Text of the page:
Ford Makes “Shocking” Investment

Ford Motor Company… Ever heard of it?

It used to be the American automaker – a powerhouse member of “The Big Three” from Detroit, Michigan. In the past, Ford was a symbol of American prosperity.

New ideas, new vehicles, and big-time business.

Over time, though, that pedigree has faded. Falling market share, disappointed customers, and a 2008 meltdown ran the American auto industry ragged – Ford included.

Unlike GM and Chrysler, though, Ford refused bailout money, instead taking a federal loan for the purposes of research and development. The Ford family (who are still majority shareholders of their company) had much more to lose compared to the competition (GM and Chrysler) in the event of a government takeover, and chose to mortgage their corporation instead.

All the way down to their iconic blue oval logo.

Organizing the fire sale was former Boeing executive Alan Mulally, brought in to re-structure the company. Through the use of strict accounting practices and a new business philosophy – focusing on profit margin over gross revenues – he willed the company to profitability, saving Ford from complete bankruptcy, albeit at a high cost.

Ford shares traded all the way down to $1.01 towards the end of 2008, dropping over 97% from their all-time-high prices set back in 1999. In just nine years, thousands of Ford investors were bankrupted via the burst of the dot-com bubble and housing crisis – two transformative events that caught F bulls in their web, along with scores of other innocent bystanders.

There’s no bones about it – the last 20 years have been tough for Ford, along with the rest of the major American automakers, all of which more or less now provide a public service – not too different than utility companies.

The difference, though, is that utility stocks have almost doubled in value since the late 90’s, while “The Big Three” floundered. Yes, Fiat Chrysler shares are up over 160% since Fiat gobbled up Chrysler, but I wouldn’t necessarily call their 2014 forced takeover a success by any stretch of the imagination.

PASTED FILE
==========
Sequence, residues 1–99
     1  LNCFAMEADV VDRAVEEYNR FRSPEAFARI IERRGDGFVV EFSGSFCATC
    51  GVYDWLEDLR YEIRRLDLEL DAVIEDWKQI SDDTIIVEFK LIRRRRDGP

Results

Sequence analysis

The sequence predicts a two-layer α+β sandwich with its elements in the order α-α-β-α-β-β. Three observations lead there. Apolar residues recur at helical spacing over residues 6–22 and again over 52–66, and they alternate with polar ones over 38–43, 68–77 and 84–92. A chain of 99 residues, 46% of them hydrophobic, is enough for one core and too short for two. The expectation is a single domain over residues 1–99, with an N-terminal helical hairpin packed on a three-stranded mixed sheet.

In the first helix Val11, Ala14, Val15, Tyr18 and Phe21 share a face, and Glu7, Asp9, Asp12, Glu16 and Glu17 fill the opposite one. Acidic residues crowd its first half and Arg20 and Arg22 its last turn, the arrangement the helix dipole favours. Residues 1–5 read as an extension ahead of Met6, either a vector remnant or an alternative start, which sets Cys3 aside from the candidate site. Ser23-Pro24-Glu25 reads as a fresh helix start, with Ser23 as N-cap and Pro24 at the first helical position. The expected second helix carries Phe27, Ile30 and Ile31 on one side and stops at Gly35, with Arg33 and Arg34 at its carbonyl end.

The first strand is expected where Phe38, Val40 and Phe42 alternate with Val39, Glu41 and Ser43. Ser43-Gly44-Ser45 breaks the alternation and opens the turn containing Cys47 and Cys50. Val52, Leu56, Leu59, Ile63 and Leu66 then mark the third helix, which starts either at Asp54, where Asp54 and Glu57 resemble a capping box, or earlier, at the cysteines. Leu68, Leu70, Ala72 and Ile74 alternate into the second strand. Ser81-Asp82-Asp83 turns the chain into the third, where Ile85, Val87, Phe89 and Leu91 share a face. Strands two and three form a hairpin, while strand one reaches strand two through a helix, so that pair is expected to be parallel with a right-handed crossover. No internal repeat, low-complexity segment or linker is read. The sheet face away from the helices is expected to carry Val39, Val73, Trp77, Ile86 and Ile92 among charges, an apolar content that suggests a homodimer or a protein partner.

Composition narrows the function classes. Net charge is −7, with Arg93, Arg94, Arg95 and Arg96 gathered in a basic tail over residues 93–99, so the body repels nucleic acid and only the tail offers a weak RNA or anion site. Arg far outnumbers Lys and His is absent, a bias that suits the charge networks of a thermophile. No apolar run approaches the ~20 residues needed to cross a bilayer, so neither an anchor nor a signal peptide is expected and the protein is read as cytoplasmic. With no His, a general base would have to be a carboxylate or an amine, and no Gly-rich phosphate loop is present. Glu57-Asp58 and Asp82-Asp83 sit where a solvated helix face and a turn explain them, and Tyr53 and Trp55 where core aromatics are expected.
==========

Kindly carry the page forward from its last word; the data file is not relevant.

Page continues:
Still, though, the American automakers persist – like undying relics of a bygone era, but somewhat vulnerable to industry-disrupting new-entrants.

To survive, changes must be made, just like in 2008 when Ford reorganized their business. They underwent another transformation last year, cutting flagship sedans from their fleet in favor of trucks and crossovers – vehicles that are simply more popular with modern drivers.

And with today’s announcement from the company – regarding a $500 million investment into electric car startup Rivian – it seems as though they’re ready to take another step towards the “next big thing”.

The landmark investment comes with the hopes of producing an all-new electric Ford vehicle, one that would swipe market share from the competition – including the current electric-king, Tesla.

Rivian, the company garnering so much attention, revealed an all-electric pickup and SUV just a few months ago. Since then, analysts have said that the startup’s new vehicles could rival the gas-powered offerings from Ford and GM, and even knock rival electric manufacturers down a peg or two.

Seeing an opportunity to gain a leg-up, Ford went for the jugular, making Rivian an offer they couldn’t refuse.

“This strategic partnership marks another key milestone in our drive to accelerate the transition to sustainable mobility,” remarked RJ Scaringe, Rivian founder and CEO.

“Ford has a long-standing commitment to sustainability, with Bill Ford being one of the industry’s earliest advocates, and we are excited to use our technology to get more electric vehicles on the road.”

Ford’s investment comes just months after Amazon sunk $700 million into the company, confirming Rivian’s “star status” even further. Through their patented “skateboard platform” – which allows virtually any vehicle configuration to be placed upon an electric-powered chassis – Rivian could find plenty of work with automakers looking to shortcut their electric vehicle production.

Ford is the first (of many, possibly) to throw their hat in the ring, but by beating the competition to the punch, they may have just asserted themselves as the “other” (non-Tesla) electric car company for the future.


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